We have recently identified another slight surge of COVID in our country. It reminded me of the hundreds of thousands of children and teenagers who are still suffering with long COVID symptoms such as rashes, memory problems, limb and stomach pain and weight loss among other symptoms. Some of these youth have found themselves struggling academically, dropping out of school, delaying college and trying to find resources to help them overcome these difficult physical symptoms.
Long COVID is hard to track. Sometimes substitute diagnosis have confused doctors and students and as we know, there is no known treatment or cure. Research estimates that anywhere from 4% to 25% of the 15.6 million American children and adolescents who have had a COVID-19 infection will develop some form of long COVID.
In a nationwide study of long COVID in adults, published in JAMA in May 2023, researchers at major medical universities and Massachusetts General Hospital found that the most common symptoms are post-exertional malaise (a significant worsening of symptoms, or development of new ones, after minor physical or mental effort), fatigue, dizziness, heart palpitations, brain fog and gastrointestinal issues.
“The most common complaints we see are profound fatigue that interferes with daily life, post-exertional fatigue and brain fog,” said Victoria Brown, a social worker with Boston Children’s Hospital’s pediatric post-COVID clinic. She said that about 75% of the kids that come into the long COVID clinic are generally healthy, have no preexisting conditions and have seen their lives significantly affected.
Often these students manifest psychological symptoms related to their physical condition. For that reason, some students are labelled with a psychological diagnosis when the root cause may be long COVID. This is important because the interventions utilized to help them may not help at all if this is a physical condition that is chronic.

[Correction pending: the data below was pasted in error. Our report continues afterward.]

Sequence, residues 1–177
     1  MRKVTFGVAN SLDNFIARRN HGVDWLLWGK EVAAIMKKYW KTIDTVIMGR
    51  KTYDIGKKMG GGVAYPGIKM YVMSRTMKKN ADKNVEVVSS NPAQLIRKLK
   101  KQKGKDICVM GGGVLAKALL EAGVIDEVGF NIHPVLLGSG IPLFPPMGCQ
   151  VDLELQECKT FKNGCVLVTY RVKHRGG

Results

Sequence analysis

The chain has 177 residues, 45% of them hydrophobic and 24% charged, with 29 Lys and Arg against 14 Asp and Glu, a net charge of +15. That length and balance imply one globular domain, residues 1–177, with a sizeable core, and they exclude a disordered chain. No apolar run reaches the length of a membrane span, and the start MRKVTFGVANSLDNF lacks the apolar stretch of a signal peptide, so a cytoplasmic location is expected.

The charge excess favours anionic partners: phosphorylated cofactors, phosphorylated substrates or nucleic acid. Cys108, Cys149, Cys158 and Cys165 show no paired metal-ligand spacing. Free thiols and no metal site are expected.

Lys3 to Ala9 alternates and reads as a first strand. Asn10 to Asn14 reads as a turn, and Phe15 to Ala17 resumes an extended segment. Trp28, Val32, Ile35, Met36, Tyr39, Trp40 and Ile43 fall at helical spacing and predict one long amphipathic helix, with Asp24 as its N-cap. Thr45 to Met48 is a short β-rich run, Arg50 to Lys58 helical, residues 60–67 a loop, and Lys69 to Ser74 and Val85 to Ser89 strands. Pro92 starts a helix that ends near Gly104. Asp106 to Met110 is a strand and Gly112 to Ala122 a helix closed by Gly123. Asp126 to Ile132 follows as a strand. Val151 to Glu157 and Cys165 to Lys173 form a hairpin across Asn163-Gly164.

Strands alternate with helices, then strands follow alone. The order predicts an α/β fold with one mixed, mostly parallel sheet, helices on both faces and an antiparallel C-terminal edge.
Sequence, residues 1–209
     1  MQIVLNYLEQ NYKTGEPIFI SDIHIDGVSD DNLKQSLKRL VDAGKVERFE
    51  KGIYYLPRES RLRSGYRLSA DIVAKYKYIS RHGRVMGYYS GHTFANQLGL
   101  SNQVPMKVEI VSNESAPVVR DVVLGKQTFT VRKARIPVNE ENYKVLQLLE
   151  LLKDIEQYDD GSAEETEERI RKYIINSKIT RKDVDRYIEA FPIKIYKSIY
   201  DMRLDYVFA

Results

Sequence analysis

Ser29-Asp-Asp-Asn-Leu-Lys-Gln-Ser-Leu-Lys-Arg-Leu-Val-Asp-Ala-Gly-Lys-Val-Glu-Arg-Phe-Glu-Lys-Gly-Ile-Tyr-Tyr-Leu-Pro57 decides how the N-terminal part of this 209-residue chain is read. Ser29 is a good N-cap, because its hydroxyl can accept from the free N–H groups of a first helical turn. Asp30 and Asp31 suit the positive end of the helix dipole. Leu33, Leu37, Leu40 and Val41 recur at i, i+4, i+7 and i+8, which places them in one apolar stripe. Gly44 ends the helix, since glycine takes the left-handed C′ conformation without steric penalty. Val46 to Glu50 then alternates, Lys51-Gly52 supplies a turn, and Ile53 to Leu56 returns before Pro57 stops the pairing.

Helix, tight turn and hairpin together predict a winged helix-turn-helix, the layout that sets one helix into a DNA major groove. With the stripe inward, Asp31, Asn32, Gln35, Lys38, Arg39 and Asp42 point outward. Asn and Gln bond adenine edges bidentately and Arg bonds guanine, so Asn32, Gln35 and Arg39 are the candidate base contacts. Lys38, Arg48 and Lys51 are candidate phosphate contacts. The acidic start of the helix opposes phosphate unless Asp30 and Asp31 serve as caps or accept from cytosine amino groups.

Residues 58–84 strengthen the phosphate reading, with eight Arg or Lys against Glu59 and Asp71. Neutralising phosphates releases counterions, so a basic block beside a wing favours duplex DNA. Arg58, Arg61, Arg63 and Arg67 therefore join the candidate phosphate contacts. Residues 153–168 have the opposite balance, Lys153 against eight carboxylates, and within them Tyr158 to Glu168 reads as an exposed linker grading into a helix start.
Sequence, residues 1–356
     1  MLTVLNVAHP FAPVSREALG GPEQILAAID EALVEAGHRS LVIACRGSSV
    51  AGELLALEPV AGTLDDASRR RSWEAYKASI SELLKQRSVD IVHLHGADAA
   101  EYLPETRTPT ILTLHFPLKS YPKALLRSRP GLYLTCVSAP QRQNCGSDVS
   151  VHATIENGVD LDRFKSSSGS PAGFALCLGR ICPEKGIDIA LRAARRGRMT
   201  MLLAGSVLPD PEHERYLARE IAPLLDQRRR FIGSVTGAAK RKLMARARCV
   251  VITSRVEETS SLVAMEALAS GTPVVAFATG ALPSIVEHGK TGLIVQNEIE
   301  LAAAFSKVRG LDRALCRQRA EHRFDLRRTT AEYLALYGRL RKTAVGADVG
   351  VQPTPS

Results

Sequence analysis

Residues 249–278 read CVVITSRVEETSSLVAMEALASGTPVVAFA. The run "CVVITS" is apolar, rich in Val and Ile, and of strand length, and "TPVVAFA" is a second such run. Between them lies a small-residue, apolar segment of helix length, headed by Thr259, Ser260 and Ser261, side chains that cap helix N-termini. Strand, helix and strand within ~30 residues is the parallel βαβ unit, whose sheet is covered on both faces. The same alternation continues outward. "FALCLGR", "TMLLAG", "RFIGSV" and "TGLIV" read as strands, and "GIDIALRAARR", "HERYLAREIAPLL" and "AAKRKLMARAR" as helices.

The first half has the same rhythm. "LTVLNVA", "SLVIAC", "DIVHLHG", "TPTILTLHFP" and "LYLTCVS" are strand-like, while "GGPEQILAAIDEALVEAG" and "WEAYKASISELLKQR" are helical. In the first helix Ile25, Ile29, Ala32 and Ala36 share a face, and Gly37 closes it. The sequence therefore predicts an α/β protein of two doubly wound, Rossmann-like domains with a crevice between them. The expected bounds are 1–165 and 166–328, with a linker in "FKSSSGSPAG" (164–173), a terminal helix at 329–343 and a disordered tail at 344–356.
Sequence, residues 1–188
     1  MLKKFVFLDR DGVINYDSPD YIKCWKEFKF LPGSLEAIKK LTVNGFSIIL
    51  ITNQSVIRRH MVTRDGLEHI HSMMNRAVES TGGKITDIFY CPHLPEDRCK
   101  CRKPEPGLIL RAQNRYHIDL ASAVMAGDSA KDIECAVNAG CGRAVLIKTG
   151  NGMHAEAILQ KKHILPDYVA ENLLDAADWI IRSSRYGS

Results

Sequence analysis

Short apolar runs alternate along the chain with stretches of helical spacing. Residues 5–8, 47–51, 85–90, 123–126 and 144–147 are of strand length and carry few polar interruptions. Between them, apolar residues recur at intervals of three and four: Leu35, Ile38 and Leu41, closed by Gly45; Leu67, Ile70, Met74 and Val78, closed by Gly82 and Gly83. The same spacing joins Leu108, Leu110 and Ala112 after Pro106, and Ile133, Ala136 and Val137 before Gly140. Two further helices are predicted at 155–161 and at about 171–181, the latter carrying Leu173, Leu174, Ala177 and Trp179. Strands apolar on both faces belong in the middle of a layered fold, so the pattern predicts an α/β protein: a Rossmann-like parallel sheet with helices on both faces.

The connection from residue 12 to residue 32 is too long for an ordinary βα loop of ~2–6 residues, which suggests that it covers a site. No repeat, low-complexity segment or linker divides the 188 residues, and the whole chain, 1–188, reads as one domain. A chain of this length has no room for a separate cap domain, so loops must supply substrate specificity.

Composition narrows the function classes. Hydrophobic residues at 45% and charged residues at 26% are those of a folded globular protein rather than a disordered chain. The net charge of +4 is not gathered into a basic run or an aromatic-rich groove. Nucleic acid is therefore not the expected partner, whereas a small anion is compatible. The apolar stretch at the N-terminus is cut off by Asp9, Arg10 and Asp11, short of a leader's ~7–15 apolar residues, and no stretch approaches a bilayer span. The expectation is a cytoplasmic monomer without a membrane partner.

Sammie McFarland, the founder of U.K.-based charity Long COVID Kids, said that attitude is fueling diagnoses of functional neurological disorders, a blanket term that suggests psychological problems are causing physical symptoms. “You get that diagnosis and it’s like you’ve fallen off the planet,” McFarland said, “There’s no further support, no ongoing tests, no review process.”
Georgia Treadway, a 16-year-old with long COVID from Oregon, said her day-to-day functioning is unpredictable. She spent over six months following a COVID infection in late 2021 entirely in bed, barely able to attend school. She recovered somewhat over the summer but would relapse when she tried to go back to classes.
“Just because I’m fine one day doesn’t mean I’m better,” Treadway said. “It means I’ve saved up enough energy to act normal for a short time.” Her school told her she had missed too many days to graduate. This past spring, she dropped out, and is now pursuing a GED diploma.
In guidelines released in July 2021, the U.S. Department of Education said that students with long COVID are protected under Section 504 of the Rehabilitation Act of 1973 and the Individuals with Disabilities Education Act, which require that public schools accommodate kids with disabilities.
This whole issue is a significant one because students are eligible for support from their schools but they first need to be diagnosed accurately. If we are not aware of the impact of long COVID in our kids of if they are not diagnosed properly their trajectory for treatment could be more frustrating than helpful. This is one of those pandemic consequences that continues to impact thousands of our youth.
For more information on this important topic go to Youth Today.